The event started with an introduction to all of the authors and their books, luckily we were given packs with details of these to take home.  Although the emphasis was on the first six months of the year, there were several titles that will be coming out in the autumn.  We were delighted that so many of the authors were able to attend (I think I counted 10 or 11), however several of the American writers were understandably not there.  The highlight of the day was when several of the authors read excerpts from their new works.  They were all consummate performers and a far cry from the old days, when writers often found it difficult to communicate in person.


“Alice Jones: the Ghost Light” by Sarah Rubin.  This is the second in the series about a young amateur sleuth called Alice Jones and I must admit to being a fan.  It fits into that group of writers who would be perfectly at home in the “Golden Age” of crime fiction, although these books are set in the current period.  A great series for those who love Robin Stevens and Katherine Woodfine.

“The White Tower” by Cathryn Constable  is a new title by the author of “Wolf Princess”.  It is describes as “Magic realism” by the publicity and is definitely one that is on my TBR list.

“Mafiosa” by Catherine Doyle is aimed at the older teen and is the climax of the “Blood for Blood” trilogy.  Those who enjoyed the preceding  novels “Vendetta” and “Inferno” will no doubt devour this latest offering and also those who like a gritty and powerful take on their thrillers.

“The Secret Keepers” by Trenton Lee Stewart.  this is the start of a new series by the author of “The Mysterious Benedict Society” and it will be loved by those who like their fantasy/mystery to include a little bit of ‘playing with time’.  A watch that can make you invisible for 15 minutes could be very useful, but villains chasing after you are less welcome.  I am really looking forward to reading this in the next few weeks.

Maz Evans and Gemma Fowler

“Who Let the Gods out” by Maz Evans  is a debut novel and features the Gods of Olympus, but not perhaps at their best.  I have been looking forward to this for several months now and have started reading it, so no doubt a fuller comment will be added later.  Since ‘Percy Jackson’ we have seen many authors writing about the various pantheons of gods and I think this may well be up there with the other really good ones.

“The Elephant Thief” by Jane Kerr is due out in March and is a historical novel set in the Victorian period.  When you mix a lonely young urchin with a circus elephant and then send them on a journey it is likely that all kinds of adventures will happen.  This sounds like a book with a warm glow to it.

“Amy Chelsea Stacie Dee” by Mary G Thompson.  This sounds as if it is  not for the faint-hearted but it is sure to find a strong following with those who want a strong story-line and a plot that will take them on a roller-coaster ride.  The age advisory is 14+  for this one

“Moondust” by Gemma Fowler is one of the sci-fi thrillers that seem to be making a splash at the moment.  It is all about mining for a new energy source on the Moon and has strong themes about the environment as well as about the joys and perils of being a teenager.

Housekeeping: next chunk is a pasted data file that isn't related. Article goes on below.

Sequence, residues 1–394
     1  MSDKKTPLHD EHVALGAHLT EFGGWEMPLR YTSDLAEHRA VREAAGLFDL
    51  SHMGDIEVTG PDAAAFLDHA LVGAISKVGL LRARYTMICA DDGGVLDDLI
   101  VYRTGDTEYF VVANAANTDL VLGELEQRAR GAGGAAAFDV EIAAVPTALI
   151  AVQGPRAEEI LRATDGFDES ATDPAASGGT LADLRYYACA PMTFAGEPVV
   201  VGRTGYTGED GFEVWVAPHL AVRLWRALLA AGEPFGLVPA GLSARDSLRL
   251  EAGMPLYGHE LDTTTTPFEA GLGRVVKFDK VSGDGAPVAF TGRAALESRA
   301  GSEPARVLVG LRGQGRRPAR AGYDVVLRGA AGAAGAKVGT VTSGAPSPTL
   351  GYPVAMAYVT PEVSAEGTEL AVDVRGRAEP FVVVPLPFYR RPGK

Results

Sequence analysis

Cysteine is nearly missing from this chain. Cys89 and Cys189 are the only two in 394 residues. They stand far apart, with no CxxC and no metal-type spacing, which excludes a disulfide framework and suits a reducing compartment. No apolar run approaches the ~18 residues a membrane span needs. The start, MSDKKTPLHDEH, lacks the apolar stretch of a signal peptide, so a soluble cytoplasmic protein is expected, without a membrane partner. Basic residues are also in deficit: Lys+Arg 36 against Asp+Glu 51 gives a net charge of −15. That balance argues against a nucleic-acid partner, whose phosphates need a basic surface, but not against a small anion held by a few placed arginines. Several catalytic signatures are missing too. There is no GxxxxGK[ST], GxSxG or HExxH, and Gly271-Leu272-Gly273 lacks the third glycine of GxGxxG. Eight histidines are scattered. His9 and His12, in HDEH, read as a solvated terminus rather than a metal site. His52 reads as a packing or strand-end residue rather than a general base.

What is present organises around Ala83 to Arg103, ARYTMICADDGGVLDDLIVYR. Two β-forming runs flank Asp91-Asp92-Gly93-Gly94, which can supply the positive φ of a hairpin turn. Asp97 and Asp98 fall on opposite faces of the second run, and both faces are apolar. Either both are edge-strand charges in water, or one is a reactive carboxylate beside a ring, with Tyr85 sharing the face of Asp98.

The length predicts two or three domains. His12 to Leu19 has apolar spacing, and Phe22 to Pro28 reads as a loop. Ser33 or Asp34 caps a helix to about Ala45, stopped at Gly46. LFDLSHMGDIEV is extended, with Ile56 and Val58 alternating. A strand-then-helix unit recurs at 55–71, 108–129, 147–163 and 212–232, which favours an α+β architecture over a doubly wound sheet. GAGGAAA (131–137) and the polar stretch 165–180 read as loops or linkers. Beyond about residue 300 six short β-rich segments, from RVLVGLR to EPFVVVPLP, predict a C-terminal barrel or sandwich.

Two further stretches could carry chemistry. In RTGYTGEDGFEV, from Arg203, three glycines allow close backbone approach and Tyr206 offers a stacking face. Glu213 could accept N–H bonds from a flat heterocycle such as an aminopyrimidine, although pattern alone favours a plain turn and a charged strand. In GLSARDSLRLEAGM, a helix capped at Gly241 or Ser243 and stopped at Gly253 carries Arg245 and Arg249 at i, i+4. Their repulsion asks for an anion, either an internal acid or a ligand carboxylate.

M G Leonard

“Beetle Queen” by M G Leonard.  this is the second in her “Beetle Boy” series and is due out in April.  I was very  lucky last year and tool the author out to several schools. She was  tremendous  and the original “Beetle Boy” has seen huge success with lots of award nominations.  I can’t wait to read more about the female villain that makes Cruella de Ville look like a cuddly kitten.

“Bigfoot, Tobin and Me” by Melissa Savage.  We are having to wait until May for this story, but from what I have seen, it will be well worth the wait.  Aimed at the 9+ age group it is about dealing with grief, and since the author is a paediatric grief therapist it is safe to assume that she knows her subject. This is one I am really looking forward to.

“The Island at the end of Everything” by Kiran Millwood  Hargrave is a story of a young girl living with her mother on the leper colony of Culion Island.  When all healthy people are evicted from the island, Ami decides to try and return so that she can see her mother before she dies.  I get the feeling that you should not be reading this on public transport due to the “Heartbreaking” parts of the story.

A P Winter and Lisa Drakeford

“The Boy who went Magic” by A P Winter is described in the publicity as “being perfect for fans of Eoin Colfer”.  It is a fantasy, with just a hint of Steam punk (judging by the picture), so I think I am really going to enjoy this one.  It is aimed at what is now called ‘Middle Grade’, so the 10+ age range and will make a great summer read.

Three others that will be coming out later in the year are:

“The Crash” by Lisa Drakeford, which is aimed at the teen market and involves the aftermath of a car smashing in to the sitting room of a house.

“Witch Alone” by James Nicol is the follow up to the very successful “Apprentice Witch”, so this is bound to be another huge hit.

“Secret Cooking Club: Confetti and cake”  by Laurel Remington is the second in this series and I am very hopeful that it will live up to the high standards of the first book.

As you can see, we were spoilt with all the amazing authors and books that were presented at the big breakfast and I am going to have a lot of reading in the coming year.  I hope that you will find some titles that will suit you, or the young people you work with.